Ohh, and purely for SEO, here’s the list of Restaurants that participated: 1789
Art & Soul
Belga Café / Btoo
Blue Duck Tavern
Charlie Palmer Steak
Eat the Rich
Equinox / Salamander Resort
Good Stuff Eatery
Hank’s Oyster Bar
Hill Country BBQ
Ici Urban Bistro
Jackson 20 / The Grille at Morrison House
Kaz Sushi Bistro
Mint Gastropub by Malcolm Mitchell
Nick’s River Side Grill
Ping Pong Dim Sum
Rappahannock River Oysters
Santa Lucia Coffee
Taberna del Alabardero Restaurant
Teddy and the Bully Bar
Tony and Joe’s Seafood Place
Trummer’s on Main
A Wine & Food Festival Two Hundred Years in the Making..
Epicurience .. So what makes a wine and food festival a great experience? Well to start, it should have the participation of lot’s of great wineries and Epicurience – dubbed as A food and wine experience so epic, in fact, that we’re calling it something completely new – had a great turnout of Virginia wineries and wines.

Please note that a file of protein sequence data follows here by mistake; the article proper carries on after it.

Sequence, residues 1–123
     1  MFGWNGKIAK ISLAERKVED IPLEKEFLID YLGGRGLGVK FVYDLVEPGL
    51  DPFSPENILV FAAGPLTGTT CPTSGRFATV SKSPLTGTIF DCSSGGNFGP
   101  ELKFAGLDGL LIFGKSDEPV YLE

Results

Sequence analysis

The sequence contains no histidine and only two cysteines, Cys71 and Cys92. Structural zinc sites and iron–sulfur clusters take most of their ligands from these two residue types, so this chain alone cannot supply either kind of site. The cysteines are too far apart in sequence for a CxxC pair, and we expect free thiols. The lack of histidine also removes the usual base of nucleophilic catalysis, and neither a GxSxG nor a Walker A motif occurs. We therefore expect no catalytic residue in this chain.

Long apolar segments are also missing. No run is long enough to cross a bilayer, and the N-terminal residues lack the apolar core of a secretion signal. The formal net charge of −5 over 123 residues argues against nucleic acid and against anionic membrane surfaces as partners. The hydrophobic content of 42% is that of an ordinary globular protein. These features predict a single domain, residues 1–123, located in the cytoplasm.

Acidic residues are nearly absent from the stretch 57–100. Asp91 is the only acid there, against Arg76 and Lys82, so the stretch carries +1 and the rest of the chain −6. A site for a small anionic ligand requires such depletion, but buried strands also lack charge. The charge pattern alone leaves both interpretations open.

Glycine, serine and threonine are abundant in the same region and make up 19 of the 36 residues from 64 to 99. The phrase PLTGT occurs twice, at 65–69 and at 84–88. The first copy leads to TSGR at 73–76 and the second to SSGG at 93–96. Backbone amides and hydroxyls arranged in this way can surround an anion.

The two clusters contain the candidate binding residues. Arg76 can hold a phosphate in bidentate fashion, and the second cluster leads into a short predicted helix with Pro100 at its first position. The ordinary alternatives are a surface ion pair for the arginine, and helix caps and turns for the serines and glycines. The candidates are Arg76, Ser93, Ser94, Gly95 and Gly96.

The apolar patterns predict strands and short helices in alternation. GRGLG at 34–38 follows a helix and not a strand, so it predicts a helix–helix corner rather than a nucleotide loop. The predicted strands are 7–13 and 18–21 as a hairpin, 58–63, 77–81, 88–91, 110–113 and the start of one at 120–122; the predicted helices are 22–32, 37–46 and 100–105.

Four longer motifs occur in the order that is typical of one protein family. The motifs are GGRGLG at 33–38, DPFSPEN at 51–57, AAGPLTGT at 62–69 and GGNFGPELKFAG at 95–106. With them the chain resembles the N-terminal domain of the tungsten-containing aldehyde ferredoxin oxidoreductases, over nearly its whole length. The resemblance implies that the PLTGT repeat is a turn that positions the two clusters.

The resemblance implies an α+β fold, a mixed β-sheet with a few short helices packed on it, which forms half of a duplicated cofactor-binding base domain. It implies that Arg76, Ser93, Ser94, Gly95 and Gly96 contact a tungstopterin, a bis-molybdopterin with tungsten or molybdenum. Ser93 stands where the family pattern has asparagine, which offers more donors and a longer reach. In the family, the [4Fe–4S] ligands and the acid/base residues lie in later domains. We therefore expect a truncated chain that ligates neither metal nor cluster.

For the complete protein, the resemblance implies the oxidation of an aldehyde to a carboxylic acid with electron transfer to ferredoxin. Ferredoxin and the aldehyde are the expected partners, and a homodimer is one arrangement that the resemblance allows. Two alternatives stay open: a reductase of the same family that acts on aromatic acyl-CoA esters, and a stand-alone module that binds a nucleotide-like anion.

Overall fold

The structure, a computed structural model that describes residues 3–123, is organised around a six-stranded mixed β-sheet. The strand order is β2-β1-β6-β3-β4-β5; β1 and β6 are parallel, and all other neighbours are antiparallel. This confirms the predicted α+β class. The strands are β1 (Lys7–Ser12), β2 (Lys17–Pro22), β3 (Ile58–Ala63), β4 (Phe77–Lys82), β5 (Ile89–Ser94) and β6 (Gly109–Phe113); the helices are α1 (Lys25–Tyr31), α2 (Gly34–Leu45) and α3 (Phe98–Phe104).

Picture a food and wine festival so unique that no existing name quite fit.
Held in the East Coast’s premier wine region, Loudoun, Virginia: DC’s Wine Country.
It’s where insiders come to savor award-winning wines and seek out noteworthy farm-to-table cuisine.
Epicurience on TasteDC – Cheers!
Charlie “I Drink on the Job” Adler
These two women – Kate Thorman and Nora Chovanec of Abbott & West Productions – seem to have alot of fun traveling, filming and eating their way through countries – this video is from their “The Innocents Abroad” Series:
There is nothing more frustrating..
Who’s on First, What’s on Second..you know that frustrating feeling – all you want to do is attend an event that you found on some webpage/flyer/friend mentioned and you..can’t find the details! OK, so you’re not desperate to find out about that cooking class, wine dinner or some other event, but you just wanna know – is it going to happen on a given date (maybe the chef looks good or it’s the perfect “date night” or you’ve always wanted to learn how to mix Rum cocktails..), what’s the price (does it include tax and tip?) and can they accomodate your situation (are there “gluten-free” options, is it vegetarian-friendly..and BTW, what does that mean?).